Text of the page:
By Tracy Dingmann
Whether or not to cut education to help the state make up a $650 million shortfall is a key question in the debate going on at the Capitol today.
Educators implored legislators to refrain from cutting the state’s already underfunded educational system during a press conference yesterday at the Roundhouse. The press conference was sponsored by New Mexico Education Partners, a statewide coalition that includes AFT-New Mexico, NEA-New Mexico, the New Mexico PTA, the New Mexico School Boards Association, and the New Mexico Coalition of School Administrators.
To bolster their claim that cutting education runs counter to the will of the people of New Mexico, the educators presented a study done on Oct. 13-15 by the respected Albuquerque firm Research & Polling, Inc.The study showed 81 percent of voters believe legislators should balance the budget without cutting public school funding. It also showed strong support among New Mexicans for specific ways to raise taxes to help pay for schools. Specifically, the poll shows 70 percent of New Mexicans support raising taxes on tobacco and alcohol, and 61 percent support combined reporting, which would equalize tax rates between in-state and out of state corporations. It also shows that 49 percent of New Mexicans support rolling back tax breaks for the wealthiest New Mexicans.
The poll seems to contradict the popular argument that all New Mexicans oppose paying more taxes for any reason. When it comes to education, the survey showed, New Mexicans are apparently willing to pony up.
But the Albuquerque Journal did not mention the poll by name or report any of the findings in today’s coverage of the press conference and of the crucial education funding issue as a whole.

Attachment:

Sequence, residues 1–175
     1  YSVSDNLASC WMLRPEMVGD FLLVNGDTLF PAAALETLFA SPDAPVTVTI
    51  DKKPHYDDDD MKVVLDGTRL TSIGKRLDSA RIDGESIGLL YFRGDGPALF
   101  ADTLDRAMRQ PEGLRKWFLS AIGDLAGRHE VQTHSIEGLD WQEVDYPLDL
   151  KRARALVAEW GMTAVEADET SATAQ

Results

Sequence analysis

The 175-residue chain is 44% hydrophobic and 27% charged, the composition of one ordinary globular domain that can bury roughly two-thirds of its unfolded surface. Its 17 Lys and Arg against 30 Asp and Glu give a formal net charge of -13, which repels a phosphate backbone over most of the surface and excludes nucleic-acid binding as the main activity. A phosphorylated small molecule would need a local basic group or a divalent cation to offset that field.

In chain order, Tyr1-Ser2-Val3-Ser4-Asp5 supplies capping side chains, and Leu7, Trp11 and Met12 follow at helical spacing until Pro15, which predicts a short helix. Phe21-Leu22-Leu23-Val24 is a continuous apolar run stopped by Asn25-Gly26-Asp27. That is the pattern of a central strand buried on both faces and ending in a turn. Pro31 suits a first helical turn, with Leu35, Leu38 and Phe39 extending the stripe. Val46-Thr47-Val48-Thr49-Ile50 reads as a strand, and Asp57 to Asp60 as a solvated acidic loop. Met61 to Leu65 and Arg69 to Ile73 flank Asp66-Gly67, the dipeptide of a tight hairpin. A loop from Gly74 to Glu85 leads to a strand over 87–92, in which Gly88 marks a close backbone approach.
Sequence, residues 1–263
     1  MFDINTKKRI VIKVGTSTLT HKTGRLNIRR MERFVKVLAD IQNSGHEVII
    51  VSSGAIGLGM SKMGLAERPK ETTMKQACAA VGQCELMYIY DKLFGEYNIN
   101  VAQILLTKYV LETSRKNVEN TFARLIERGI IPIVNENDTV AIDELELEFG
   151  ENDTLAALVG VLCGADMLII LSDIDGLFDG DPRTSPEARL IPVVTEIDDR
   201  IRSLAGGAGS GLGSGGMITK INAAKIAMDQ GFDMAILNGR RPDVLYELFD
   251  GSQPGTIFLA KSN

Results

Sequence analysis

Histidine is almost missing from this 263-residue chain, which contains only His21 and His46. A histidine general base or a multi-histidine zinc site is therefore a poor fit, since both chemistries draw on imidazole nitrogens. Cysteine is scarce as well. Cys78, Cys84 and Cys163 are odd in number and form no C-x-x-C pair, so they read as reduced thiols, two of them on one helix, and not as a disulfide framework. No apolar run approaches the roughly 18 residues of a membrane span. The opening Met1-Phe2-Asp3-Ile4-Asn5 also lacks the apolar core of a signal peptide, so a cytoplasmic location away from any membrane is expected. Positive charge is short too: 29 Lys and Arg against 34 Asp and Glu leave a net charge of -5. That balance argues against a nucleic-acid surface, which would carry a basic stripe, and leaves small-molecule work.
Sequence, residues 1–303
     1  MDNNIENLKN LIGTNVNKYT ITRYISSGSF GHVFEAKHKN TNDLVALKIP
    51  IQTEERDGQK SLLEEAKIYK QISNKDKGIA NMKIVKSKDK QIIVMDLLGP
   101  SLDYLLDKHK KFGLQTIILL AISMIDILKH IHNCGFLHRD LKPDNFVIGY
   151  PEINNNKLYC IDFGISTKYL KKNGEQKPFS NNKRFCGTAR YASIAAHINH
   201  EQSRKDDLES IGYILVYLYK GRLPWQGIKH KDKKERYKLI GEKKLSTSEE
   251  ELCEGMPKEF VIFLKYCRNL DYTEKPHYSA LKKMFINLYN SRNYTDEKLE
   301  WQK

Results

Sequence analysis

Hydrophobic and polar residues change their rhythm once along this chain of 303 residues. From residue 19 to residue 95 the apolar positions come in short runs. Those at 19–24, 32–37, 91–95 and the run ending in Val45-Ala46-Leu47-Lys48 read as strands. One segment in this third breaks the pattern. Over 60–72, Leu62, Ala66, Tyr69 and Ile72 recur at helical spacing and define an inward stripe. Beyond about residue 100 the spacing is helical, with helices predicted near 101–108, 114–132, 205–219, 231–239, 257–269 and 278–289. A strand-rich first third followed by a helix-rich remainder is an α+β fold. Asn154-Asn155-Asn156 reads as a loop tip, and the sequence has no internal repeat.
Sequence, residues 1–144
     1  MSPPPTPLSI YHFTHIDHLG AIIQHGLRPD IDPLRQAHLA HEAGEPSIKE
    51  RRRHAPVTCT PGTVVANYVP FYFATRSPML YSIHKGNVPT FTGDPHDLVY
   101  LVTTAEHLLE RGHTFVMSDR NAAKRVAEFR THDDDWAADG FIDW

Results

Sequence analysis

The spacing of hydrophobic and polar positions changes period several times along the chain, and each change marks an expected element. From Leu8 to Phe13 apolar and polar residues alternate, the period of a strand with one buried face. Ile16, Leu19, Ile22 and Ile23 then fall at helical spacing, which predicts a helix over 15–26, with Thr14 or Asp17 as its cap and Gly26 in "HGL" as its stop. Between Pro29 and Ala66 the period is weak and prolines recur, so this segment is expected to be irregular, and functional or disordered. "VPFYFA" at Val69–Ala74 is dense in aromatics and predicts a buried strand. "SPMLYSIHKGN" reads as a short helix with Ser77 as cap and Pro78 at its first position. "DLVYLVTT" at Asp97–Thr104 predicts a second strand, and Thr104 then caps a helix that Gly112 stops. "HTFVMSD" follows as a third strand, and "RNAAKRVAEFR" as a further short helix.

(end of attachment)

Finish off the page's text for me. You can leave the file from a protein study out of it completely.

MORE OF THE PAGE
From the Journal story:
“Education union members held a press conference to claim that most New Mexicans favor plugging the budget gap without cutting education spending.”
The Santa Fe New Mexican mentioned the poll only briefly.
In an email sent out this morning by AFT-NM, union president Christine Trujillo asked why neither newspaper covered the poll in depth.
According to the email, the Journal told the teachers union that the Journal has a policy of not printing someone else’s poll.
Research & Polling is owned by a subsidiary of the Journal and the Journal frequently commissions the firm to conduct polls on issues it deems important to its readers –including health care, attitudes on public education and, most recently, how people planned to vote in the city’s mayoral election.
Oftentimes Journal-commissioned Research & and Polling Inc. polls will dominate the Journal’s front pages for days at a time. The polls are always followed by news stories and editorials touting the finding of the polls.
In fact, a Research & Polling survey commissioned by the Journal last month asked respondents whether they would favor raising taxes or cutting spending by existing state agencies to close the state budget gap. Funding for education makes up a large portion of the state’s budget.
The poll, which did not specify what kind of taxes would be raised, showed most people supported making cuts.
That poll made it to the Journal’s front page.
But apparently, when the Journal’s own polling company does a poll for someone else, it is not worth mentioning. What an odd policy!
And it is a policy the paper only follows sporadically. On Aug. 20, the Journal ran a story called “Quarter of New Mexicans Lack Health Insurance,” by staff writer Olivier Uyttebrouck, which was built entirely around a Gallup poll.
I guess Gallup polls don’t count.
If you’d like to read the entire Research & Polling survey, called “Public Education Survey 2009,” it should be available later today at the teacher’s union site.